Tropical Cyclone Frank is fading fast
On July 27, NASA’s RapidScat instrument observed Frank’s strongest sustained winds were near 30 meters per second (67 mph/108 kph) north of the center. Tropical-storm-force winds extended outward up to 60 miles (95 km) from the center. Frank weakened from a hurricane to a tropical storm by 5 p.m. EDT on July 27.
The RapidScat instrument flies aboard the International Space Station and measures winds over an ocean surface. Images are created at NASA’s Jet Propulsion Laboratory in Pasadena, California.
Later on July 27, at 21:35 UTC (5:35 p.m. EDT) the Atmospheric Infrared Sounder or AIRS instrument aboard NASA’s Aqua satellite captured infrared data of Frank. The AIRS data showed that the coldest cloud top temperatures of at least minus 63 degrees Fahrenheit (minus 53 degrees Celsius) and strongest thunderstorms were only along the southern quadrant of the storm.
At 5 a.m. EDT (0900 UTC), the center of Tropical Storm Frank was located near 23.6 degrees latitude and 123.7 degrees west longitude. That’s about 875 miles (1,410 km west of the southern tip of Baja California. Maximum sustained winds have decreased to near 40 mph (65 kph) with higher gusts.
Frank was moving toward the west-northwest near 9 mph (15 kph), and the National Hurricane Center expects a gradual turn toward the west and west-southwest over the next 48 hours as the storm weakens.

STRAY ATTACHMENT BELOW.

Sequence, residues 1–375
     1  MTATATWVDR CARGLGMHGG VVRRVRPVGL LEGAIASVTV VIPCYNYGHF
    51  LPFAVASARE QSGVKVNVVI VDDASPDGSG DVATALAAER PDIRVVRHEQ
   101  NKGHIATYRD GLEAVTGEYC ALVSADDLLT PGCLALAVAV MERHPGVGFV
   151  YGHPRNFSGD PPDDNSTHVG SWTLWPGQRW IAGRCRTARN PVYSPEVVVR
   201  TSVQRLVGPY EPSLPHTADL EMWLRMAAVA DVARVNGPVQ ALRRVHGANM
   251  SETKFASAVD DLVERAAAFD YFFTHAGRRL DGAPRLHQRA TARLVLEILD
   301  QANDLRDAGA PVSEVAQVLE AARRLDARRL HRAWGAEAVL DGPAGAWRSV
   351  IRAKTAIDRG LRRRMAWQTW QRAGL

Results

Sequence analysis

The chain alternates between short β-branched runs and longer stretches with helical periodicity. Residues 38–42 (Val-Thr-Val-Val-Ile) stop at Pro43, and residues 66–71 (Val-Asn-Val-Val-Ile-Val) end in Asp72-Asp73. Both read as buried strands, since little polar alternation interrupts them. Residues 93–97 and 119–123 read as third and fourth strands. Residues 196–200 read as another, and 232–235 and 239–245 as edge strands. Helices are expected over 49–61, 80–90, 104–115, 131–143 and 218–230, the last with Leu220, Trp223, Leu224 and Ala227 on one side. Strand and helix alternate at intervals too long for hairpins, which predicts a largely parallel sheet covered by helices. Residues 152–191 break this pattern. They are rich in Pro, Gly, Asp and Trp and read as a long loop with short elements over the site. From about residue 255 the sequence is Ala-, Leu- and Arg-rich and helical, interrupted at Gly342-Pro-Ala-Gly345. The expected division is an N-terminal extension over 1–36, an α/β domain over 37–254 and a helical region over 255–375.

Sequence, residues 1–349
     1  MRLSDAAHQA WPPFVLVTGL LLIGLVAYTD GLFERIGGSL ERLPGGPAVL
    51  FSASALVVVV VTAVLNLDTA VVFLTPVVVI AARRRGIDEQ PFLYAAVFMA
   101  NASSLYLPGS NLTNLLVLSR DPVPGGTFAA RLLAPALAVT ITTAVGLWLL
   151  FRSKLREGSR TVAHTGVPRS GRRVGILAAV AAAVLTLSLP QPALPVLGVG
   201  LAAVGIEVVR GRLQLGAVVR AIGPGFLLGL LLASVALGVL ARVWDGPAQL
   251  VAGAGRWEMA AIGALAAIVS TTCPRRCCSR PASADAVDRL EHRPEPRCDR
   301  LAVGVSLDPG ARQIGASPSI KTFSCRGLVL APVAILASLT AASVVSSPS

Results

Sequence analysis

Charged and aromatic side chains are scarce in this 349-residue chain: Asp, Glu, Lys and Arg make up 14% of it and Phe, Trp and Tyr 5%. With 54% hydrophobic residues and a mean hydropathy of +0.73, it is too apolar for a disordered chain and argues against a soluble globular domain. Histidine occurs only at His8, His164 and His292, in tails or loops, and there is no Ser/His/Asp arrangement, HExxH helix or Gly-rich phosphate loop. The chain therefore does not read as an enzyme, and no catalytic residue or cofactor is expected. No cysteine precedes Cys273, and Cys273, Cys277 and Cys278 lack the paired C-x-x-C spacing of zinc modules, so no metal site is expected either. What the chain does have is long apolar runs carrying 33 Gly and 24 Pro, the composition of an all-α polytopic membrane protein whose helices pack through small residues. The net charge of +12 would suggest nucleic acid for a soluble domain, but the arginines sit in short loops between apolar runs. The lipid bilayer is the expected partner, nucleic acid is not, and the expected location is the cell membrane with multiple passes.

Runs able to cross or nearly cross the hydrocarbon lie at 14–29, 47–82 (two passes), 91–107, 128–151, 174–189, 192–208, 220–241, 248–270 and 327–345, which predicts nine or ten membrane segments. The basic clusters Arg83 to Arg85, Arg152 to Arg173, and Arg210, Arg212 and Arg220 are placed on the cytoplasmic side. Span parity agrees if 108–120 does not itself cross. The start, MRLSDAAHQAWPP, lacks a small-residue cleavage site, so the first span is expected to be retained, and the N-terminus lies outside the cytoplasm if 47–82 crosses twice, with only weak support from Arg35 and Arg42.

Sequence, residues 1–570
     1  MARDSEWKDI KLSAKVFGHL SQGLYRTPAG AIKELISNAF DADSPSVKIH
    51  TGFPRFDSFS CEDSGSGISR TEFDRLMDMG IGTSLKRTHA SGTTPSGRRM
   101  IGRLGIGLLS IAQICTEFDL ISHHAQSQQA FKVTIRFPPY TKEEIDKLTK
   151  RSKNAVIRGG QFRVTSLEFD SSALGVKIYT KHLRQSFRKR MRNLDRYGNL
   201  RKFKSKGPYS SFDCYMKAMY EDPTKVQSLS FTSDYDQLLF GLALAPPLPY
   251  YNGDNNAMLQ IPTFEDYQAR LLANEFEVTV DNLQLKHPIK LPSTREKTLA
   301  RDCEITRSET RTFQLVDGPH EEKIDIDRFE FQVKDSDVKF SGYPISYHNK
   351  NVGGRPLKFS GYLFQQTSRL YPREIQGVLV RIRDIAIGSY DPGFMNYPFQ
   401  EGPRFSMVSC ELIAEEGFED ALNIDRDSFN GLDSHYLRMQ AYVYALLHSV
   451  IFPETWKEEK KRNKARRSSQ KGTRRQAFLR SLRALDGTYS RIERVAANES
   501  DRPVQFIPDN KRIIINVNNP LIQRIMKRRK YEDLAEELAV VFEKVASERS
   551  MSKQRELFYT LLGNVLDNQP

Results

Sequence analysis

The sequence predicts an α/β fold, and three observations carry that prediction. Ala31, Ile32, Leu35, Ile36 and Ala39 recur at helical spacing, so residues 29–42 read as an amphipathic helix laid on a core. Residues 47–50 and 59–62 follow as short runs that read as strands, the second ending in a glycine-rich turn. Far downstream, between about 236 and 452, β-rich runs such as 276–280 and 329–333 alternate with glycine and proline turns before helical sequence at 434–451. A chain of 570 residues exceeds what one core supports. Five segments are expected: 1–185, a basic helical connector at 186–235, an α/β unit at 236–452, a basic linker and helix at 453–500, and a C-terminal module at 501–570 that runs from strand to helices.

NOAA GOES-West infrared image of Tropical Storm Frank was taken on July 28, 2016 at 1315 UTC (9:15 a.m. EDT). The GOES-West image showed very weak storms and mostly along the southern quadrant, as the infrared imagery from AIRS had shown 16 hours before. The GOES image was generated at the NASA/NOAA GOES Project at NASA’s Goddard Space Flight Center, Greenbelt, Maryland.
Forecaster Pasch at NOAA’s National Hurricane Center (NHC) said that “All of the deep convection associated with Frank has dissipated, and since the cyclone is moving over waters cooler than 23 degrees Celsius, regeneration of thunderstorms within the circulation is not anticipated. Therefore, the cyclone is likely to degenerate into a post-tropical remnant low pressure area later today.
NHC said that the storm will continue to weaken as the circulation spins down over the next couple of days. Frank is expected to dissipate by Sunday, July 31.